Be careful with nebulous terms like “the best” or “star performers,” Castilla said. It matters a lot how exactly you measure what makes a hire a “high performer,” he cautioned.

Avoid data bias

Talent analytics encompasses a broad range of carefully collected information, starting with information gathered at the time of application, followed by salary, role, project allocation, performance-review history, engagement surveys, and career goals, among other data.

As you start to formulate what data to collect, be comprehensive. There is a tendency to unconsciously reinforce initial assumptions or biases by collecting only certain types of data. Make sure you identify, and then gather, the variables that you would need to properly test your hypotheses, while accounting for other alternative key factors.

For example, one large international financial institution wanted to evaluate its return on investment of employee referral programs in its call centers. Were employees recruited in that manner more productive and did they stay longer than employees recruited in other ways?

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Some leaders questioned why the company even needed a referral program. Shouldn’t call center employees be happy to refer friends and family without any financial reward? Other executives worried that such programs might foster nepotism rather than improving the quality of the workforce.

When making data decisions in this instance, Castilla said, “You need make sure to collect pre-hire and post-hire data that will either support or refute your hypotheses while controlling for information about the applicant collected at the time of application.” That data might include relevant qualifications collected from resumes or from semi-structured interviews of your candidates as well as performance and turnover data. “The analyses of such data can later help you identify improved ways for implementing your recruiting practices,” Castilla said.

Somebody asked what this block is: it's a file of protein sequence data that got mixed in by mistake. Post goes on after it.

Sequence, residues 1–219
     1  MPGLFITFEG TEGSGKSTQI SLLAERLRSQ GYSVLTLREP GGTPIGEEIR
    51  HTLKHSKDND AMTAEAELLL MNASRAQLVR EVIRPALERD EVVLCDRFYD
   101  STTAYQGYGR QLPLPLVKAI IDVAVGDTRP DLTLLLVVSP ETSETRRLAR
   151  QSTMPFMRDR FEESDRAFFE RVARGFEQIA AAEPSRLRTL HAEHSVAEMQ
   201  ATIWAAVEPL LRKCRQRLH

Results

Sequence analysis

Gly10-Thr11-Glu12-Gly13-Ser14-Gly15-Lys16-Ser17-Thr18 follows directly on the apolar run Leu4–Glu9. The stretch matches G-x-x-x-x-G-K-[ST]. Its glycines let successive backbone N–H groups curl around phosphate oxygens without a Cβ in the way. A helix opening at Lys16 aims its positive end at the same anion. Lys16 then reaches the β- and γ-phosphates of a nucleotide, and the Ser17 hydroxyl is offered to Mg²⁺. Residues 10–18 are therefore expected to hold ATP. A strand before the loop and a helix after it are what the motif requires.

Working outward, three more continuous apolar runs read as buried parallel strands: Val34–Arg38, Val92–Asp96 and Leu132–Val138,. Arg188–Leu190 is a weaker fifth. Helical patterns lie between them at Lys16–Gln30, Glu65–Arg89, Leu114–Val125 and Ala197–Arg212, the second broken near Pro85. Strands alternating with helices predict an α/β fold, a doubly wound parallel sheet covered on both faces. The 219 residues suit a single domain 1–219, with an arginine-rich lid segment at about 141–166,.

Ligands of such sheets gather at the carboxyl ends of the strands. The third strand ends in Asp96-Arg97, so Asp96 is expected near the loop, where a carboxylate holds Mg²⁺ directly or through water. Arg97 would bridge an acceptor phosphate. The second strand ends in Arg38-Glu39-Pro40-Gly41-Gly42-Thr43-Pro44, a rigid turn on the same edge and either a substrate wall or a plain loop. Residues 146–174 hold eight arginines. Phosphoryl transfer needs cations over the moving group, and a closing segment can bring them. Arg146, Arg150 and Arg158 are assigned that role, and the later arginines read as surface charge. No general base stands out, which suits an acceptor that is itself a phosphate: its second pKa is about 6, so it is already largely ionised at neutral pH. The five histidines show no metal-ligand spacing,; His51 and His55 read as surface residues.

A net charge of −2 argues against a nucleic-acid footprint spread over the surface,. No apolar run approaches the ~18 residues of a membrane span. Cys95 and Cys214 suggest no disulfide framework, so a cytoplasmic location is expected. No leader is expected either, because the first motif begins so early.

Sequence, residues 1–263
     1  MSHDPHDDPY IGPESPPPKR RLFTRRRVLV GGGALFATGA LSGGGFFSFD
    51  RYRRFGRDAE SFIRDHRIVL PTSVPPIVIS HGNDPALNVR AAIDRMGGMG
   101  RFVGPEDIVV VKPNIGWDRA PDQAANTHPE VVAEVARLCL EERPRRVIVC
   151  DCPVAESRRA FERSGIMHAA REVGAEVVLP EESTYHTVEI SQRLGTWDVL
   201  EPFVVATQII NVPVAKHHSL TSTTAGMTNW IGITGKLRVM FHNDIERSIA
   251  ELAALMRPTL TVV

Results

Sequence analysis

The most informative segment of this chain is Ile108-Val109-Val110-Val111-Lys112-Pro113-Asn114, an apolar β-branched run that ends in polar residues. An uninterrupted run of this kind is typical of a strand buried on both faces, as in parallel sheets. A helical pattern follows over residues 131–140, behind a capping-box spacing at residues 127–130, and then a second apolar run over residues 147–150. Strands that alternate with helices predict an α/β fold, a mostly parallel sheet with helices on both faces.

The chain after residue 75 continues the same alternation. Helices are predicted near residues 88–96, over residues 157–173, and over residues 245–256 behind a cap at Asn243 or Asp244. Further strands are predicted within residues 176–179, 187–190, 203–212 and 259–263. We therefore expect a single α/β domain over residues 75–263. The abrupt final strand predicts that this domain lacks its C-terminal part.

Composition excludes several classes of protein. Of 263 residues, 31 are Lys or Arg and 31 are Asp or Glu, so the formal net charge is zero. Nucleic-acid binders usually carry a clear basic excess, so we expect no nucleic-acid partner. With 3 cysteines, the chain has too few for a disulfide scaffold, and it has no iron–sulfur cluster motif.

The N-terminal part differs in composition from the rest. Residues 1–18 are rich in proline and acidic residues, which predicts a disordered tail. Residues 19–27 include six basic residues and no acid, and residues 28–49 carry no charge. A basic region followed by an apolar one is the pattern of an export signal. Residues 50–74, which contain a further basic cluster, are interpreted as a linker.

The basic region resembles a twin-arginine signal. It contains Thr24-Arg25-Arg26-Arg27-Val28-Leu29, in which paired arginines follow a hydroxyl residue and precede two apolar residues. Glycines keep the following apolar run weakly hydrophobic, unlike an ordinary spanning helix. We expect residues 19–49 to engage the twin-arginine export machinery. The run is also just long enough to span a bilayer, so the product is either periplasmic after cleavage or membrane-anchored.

Quantity and quality matter

Although companies say they want to be strategic in talent analytics, they often have sparse or poorly collected data, Castilla said. “As a result of that poor data quality, any analysis of such data will lead to poor results and, therefore, undesirable and poor business recommendations.”

In particular, companies often tend to select on the dependent variable — that is, they only analyze observations in which the phenomenon of interest is observed and exclude those in which the phenomenon is not observed, Castilla said. To best test their hypotheses, he encourages companies to collect a comprehensive set of variables that control for potential alternative explanations for their problems and concerns.

It would be a frustrating exercise if, at the end of the project, you found certain recruits were more productive than others but didn’t quite understand why, Castilla said. Maybe it was because of their educational level or their years of particular types of experiences or their set of abilities and skills or the way they were recruited into the company, but you won’t know if you didn’t collect and included these factors in your analyses.